Well, then mobilize for free or low cost advanced education. Anyone paying what you need to pay to get an education now who is NOT depressed doesn't have a good grip on reality.
Monona Rossol, M.S., M.F.A., Industrial HygienistPresident: Arts, Crafts & Theater Safety, Inc.Safety Officer: Local USA829, IATSE
-----Original Message-------- For more information about the DCHAS-L e-mail list, contact the Divisional membership chair at membership**At_Symbol_Here**dchas.org Follow us on Twitter **At_Symbol_Here**acsdchas
From: Wayne Wood <wayne.wood**At_Symbol_Here**MCGILL.CA>
To: DCHAS-L <DCHAS-L**At_Symbol_Here**PRINCETON.EDU>
Sent: Tue, Mar 27, 2018 8:40 am
Subject: Re: [DCHAS-L] More than one-third of graduate students report being depressed
--- For more information about the DCHAS-L e-mail list, contact the Divisional membership chair at membership**At_Symbol_Here**dchas.org Follow us on Twitter **At_Symbol_Here**acsdchasOur mental health experts are calling this situation in universities an epidemic. We need to mobilize.W.Wayne Wood | Director, Environmental Health and Safety - Directeur, Sante´, securite´ et environnement| McGill University | 3610 rue McTavish Street, 4th floor | Montreal, Quebec, Canada, H3A 1Y2 | Tel: (514) 398-2391Here is an article from Nature that academic lab safety staff may want to consider as they review the last article from the NIOSH Blog, particularly in light of the LA Times article "In ruling for victim in UCLA attack, California Supreme Court says universities should protect students" at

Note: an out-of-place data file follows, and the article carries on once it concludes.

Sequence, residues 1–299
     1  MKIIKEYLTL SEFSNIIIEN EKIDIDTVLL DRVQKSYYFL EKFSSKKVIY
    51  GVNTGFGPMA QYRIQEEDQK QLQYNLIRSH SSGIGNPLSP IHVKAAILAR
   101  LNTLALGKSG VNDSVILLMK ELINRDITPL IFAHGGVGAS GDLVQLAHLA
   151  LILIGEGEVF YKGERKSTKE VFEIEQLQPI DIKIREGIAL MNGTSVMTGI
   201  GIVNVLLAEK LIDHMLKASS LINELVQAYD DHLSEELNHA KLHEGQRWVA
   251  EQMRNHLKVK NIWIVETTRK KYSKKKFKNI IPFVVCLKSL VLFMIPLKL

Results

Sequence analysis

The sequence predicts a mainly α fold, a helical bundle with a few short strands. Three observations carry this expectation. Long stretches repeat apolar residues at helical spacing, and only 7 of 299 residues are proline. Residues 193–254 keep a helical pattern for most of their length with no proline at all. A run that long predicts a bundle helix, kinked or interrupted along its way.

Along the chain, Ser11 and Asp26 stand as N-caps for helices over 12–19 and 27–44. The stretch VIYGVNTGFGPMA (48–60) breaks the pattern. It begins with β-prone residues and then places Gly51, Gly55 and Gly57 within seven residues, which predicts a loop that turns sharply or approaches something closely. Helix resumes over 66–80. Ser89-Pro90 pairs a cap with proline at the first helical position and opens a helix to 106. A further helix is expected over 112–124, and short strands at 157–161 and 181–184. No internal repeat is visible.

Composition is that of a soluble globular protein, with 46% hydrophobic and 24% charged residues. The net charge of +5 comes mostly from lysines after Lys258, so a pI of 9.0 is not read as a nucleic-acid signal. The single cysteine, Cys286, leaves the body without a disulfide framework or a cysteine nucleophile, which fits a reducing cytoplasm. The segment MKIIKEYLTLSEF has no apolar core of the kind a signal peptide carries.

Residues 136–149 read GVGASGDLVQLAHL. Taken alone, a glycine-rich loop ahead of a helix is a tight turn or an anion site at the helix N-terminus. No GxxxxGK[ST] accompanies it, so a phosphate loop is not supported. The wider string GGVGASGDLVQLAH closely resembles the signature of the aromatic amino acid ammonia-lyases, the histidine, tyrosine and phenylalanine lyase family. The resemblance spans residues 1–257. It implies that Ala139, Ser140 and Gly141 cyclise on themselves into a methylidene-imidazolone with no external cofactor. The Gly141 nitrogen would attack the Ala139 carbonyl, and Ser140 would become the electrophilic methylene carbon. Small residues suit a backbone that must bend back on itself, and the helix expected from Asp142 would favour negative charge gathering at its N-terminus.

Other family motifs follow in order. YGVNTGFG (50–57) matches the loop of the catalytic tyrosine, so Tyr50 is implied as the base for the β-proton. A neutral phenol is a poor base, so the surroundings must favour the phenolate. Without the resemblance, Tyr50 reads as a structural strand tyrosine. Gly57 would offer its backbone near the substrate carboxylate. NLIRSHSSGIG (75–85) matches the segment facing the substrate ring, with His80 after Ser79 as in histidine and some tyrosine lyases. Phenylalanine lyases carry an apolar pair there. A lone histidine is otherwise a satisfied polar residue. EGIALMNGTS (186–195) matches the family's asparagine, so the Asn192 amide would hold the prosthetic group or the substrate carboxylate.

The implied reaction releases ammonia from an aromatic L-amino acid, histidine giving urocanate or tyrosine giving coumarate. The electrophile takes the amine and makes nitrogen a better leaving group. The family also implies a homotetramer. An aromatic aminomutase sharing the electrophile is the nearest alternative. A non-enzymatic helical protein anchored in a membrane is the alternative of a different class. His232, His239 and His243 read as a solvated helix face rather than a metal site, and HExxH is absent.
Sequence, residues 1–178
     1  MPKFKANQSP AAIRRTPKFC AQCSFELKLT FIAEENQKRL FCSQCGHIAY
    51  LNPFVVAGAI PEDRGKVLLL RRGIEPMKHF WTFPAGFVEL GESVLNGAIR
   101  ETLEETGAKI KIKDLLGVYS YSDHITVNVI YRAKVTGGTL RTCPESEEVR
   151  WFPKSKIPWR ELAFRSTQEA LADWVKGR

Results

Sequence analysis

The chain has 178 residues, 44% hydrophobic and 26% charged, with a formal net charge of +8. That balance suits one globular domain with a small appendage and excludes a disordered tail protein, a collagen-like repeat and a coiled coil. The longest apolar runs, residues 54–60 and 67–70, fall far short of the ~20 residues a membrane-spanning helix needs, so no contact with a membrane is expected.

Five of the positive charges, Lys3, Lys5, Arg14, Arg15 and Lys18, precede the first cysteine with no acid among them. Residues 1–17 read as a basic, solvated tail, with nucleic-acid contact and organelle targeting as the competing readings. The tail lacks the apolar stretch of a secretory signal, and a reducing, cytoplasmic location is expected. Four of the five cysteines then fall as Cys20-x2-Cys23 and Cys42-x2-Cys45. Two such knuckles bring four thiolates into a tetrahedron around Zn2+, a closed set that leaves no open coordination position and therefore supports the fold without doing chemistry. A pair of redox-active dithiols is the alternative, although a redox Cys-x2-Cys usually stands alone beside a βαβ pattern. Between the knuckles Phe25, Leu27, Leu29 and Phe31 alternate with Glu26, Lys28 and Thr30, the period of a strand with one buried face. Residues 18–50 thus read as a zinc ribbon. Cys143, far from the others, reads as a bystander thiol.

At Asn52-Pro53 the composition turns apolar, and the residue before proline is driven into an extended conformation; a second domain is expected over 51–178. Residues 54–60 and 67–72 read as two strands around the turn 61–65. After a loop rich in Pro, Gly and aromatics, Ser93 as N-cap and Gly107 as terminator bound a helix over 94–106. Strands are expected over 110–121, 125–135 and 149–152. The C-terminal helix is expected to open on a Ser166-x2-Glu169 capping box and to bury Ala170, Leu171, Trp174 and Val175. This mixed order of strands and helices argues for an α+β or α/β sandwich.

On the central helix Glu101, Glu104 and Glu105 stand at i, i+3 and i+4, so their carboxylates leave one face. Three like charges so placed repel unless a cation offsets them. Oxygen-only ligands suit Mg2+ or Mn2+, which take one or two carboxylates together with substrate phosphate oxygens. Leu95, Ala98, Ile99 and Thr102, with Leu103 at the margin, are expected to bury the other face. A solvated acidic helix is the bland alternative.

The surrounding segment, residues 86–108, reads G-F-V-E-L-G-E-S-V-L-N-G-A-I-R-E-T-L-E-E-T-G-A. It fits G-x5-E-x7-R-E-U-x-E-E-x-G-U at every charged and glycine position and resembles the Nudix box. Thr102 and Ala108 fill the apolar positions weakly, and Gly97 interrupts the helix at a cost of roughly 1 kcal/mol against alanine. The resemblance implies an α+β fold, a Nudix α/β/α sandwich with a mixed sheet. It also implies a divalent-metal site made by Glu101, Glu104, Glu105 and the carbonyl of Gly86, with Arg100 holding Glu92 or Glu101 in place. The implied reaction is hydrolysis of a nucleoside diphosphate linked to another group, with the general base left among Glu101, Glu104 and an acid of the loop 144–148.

articles/d41586-018-03803-3? utm_source=twt_nnc&utm_medium= social&utm_campaign= naturenews&sf185486493=1
More than one-third of graduate students report being depressed
Rates of anxiety and depression among PhD and master's students exceed those in general public.
PhD and master's students worldwide report rates of depression and anxiety that are six times higher than those in the general public (T. M. Evans et al. Nature Biotech. 36, 282-284; 2018). The report, based on the responses of 2,279 students in 26 nations, found that more than 40% of respondents had anxiety scores in the moderate to severe range, and that nearly 40% showed signs of moderate to severe depression. The high rates suggested by this study are alarming, says Teresa Evans, a neuroscientist at the University of Texas Health Science Center at San Antonio and the study's lead author. She notes that students suffering from anxiety or depression might have been especially motivated to take the survey, which could have skewed the results. But she believes that the findings underscore the severity of the problem and the need for a response. Evans adds that universities should provide students with training to help them manage their time and cope with stress.
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